Will flying be greener? More comfortable? Less frequent? As the world eyes a post-COVID reality, we look at ways the airline industry has been changing through a pandemic that has devastated air travel.

Ready for (a different kind of) takeoff?

Carl-Johan Karlsson

It's hard to overstate the damage the pandemic has had on the airline industry, with global revenues dropping by 40% in 2020 and dozens of airlines around the world filing for bankruptcy. One moment last year when the gravity became particularly apparent was when Asian carriers (in countries with low COVID-19 rates) began offering "flights to nowhere" — starting and ending at the same airport as a way to earn some cash from would-be travelers who missed the in-flight experience.

More than a year later today, experts believe that air traffic won't return to normal levels until 2024.

But beyond the financial woes, the unprecedented slowdown in air travel may bring some silver linings as key aspects of the industry are bound to change once back in full spin, with some longer-term effects on aviation already emerging. Here are some major transformations to expect in the coming years:

Cleaner aviation fuel

The U.S. administration of President Joe Biden and the airline industry recently agreed to the ambitious goal of replacing all jet fuel with sustainable alternatives by 2050. Already in a decade, the U.S. aims to produce three billion gallons of sustainable fuel — about one-tenth of current total use — from waste, plants and other organic matter.

While greening the world's road transport has long been at the top of the climate agenda, aviation is not even included under the Paris Agreement. But with air travel responsible for roughly 12% of all CO2 emissions from transport, and stricter international regulation on the horizon, the industry is increasingly seeking sustainable alternatives to petroleum-based fuel.

Fees imposed on the airline industry should be funneled into a climate fund.

In Germany, state broadcaster Deutsche Welle reports that the world's first factory producing CO2-neutral kerosene recently started operations in the town of Wertle, in Lower Saxony. The plant, for which Lufthansa is set to become the pilot customer, will produce CO2-neutral kerosene through a circular production cycle incorporating sustainable and green energy sources and raw materials. Energy is supplied through wind turbines from the surrounding area, while the fuel's main ingredients are water and waste-generated CO2 coming from a nearby biogas plant.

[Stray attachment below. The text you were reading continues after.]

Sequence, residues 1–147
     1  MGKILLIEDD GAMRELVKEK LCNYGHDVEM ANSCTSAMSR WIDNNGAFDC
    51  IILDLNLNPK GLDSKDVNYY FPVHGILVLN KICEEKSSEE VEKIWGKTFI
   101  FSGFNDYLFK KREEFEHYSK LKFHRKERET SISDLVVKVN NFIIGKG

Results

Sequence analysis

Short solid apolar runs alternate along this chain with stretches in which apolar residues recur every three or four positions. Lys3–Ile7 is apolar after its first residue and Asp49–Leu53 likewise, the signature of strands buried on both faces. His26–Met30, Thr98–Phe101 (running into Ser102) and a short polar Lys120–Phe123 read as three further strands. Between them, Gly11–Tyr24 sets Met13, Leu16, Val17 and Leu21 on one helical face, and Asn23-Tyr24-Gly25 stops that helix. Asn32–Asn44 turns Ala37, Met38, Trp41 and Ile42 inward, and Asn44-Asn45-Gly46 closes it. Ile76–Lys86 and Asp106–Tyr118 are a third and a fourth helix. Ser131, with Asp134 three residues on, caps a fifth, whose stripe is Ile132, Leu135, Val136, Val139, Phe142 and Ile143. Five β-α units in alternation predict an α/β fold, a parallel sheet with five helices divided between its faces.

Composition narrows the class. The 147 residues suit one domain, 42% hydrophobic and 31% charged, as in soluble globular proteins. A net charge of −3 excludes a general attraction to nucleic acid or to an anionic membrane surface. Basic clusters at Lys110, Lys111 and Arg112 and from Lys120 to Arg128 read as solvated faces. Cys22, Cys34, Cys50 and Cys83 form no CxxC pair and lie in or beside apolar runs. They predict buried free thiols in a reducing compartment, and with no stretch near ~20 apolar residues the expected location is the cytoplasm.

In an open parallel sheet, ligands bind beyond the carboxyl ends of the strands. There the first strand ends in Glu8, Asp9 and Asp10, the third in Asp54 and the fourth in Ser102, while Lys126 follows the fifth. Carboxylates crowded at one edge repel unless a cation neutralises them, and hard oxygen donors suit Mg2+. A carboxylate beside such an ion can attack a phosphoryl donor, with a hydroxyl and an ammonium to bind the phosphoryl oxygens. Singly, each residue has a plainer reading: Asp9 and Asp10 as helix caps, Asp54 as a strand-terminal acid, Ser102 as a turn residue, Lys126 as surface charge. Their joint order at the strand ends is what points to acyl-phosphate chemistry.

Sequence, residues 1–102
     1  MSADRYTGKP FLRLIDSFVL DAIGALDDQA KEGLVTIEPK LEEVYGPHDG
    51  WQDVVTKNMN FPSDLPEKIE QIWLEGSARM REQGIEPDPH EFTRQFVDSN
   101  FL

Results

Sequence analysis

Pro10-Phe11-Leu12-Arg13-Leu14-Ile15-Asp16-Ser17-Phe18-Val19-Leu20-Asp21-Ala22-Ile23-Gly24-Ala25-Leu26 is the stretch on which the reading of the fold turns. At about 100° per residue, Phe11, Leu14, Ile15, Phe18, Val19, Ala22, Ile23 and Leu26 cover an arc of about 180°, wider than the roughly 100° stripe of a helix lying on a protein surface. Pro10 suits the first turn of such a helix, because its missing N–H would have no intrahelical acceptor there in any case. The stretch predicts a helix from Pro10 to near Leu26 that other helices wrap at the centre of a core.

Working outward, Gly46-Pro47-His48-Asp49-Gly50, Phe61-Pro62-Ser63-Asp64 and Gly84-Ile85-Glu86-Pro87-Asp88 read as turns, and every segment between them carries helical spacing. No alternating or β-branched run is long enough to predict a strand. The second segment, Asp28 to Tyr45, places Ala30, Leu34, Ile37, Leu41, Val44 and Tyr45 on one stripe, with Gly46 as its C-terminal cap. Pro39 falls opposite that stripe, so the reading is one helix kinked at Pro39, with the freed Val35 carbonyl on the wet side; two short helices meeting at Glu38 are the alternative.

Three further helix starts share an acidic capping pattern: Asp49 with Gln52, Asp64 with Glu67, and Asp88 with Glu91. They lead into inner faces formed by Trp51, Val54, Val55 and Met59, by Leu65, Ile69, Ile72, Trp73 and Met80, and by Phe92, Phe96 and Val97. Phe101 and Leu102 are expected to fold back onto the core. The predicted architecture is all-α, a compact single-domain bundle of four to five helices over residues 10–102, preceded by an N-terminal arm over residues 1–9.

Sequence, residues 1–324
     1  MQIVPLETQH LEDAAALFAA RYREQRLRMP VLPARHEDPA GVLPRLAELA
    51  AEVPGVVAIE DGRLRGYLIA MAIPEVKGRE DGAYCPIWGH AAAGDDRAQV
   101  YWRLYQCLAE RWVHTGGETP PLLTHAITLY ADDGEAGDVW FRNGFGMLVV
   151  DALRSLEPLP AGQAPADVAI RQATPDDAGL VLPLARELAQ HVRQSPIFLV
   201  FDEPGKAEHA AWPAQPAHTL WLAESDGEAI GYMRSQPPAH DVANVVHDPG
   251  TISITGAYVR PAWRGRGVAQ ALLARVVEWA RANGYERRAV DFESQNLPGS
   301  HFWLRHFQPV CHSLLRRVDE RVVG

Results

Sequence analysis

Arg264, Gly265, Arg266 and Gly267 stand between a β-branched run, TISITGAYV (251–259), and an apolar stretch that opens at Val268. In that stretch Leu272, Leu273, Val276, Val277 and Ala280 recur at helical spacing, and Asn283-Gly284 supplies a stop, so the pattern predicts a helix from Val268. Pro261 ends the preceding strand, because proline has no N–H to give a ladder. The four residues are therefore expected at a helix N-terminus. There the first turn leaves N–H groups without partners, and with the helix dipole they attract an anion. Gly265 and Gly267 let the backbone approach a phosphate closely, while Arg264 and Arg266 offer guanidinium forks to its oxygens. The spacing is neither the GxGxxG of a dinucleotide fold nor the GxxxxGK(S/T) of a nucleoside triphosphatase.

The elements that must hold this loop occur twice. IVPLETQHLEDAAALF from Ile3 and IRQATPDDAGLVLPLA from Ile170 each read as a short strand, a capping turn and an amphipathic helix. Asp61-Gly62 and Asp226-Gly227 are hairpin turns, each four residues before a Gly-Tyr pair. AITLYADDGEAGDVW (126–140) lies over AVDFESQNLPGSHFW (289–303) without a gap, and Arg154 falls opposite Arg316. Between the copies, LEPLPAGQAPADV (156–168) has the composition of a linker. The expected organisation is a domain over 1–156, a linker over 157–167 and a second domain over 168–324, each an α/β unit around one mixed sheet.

Farther north, Norwegian Air Shuttle has recently submitted a recommendation to the government that fees imposed on the airline industry should be funneled into a climate fund aimed at developing cleaner aviation fuel, according to Norwegian news site E24. The airline also suggested that the government significantly reduce the tax burden on the industry over a longer period to allow airlines to recover from the pandemic.

Black-and-white photo of an ariplane shot from below flying across the sky and leaving condensation trails

High-flying ambitions for the sector

Joel & Jasmin Førestbird

Hydrogen and electrification

Some airline manufacturers are betting on hydrogen, with research suggesting that the abundant resource has the potential to match the flight distances and payload of a current fossil-fuel aircraft. If derived from renewable resources like sun and wind power, hydrogen — with an energy-density almost three times that of gasoline or diesel — could work as a fully sustainable aviation fuel that emits only water.

One example comes out of California, where fuel-cell specialist HyPoint has entered a partnership with Pennsylvania-based Piasecki Aircraft Corporation to manufacture 650-kilowatt hydrogen fuel cell systems for aircrafts. According to HyPoint, the system — scheduled for commercial availability product by 2025 — will have four times the energy density of existing lithium-ion batteries and double the specific power of existing hydrogen fuel-cell systems.

Meanwhile, Rolls-Royce is looking to smash the speed record of electrical flights with a newly designed 23-foot-long model. Christened the Spirit of Innovation, the small plane took off for the first time earlier this month and successfully managed a 15-minute long test flight. However, the company has announced plans to fly the machine faster than 300 mph (480 km/h) before the year is out, and also to sell similar propulsion systems to companies developing electrical air taxis or small commuter planes.

New aircraft designs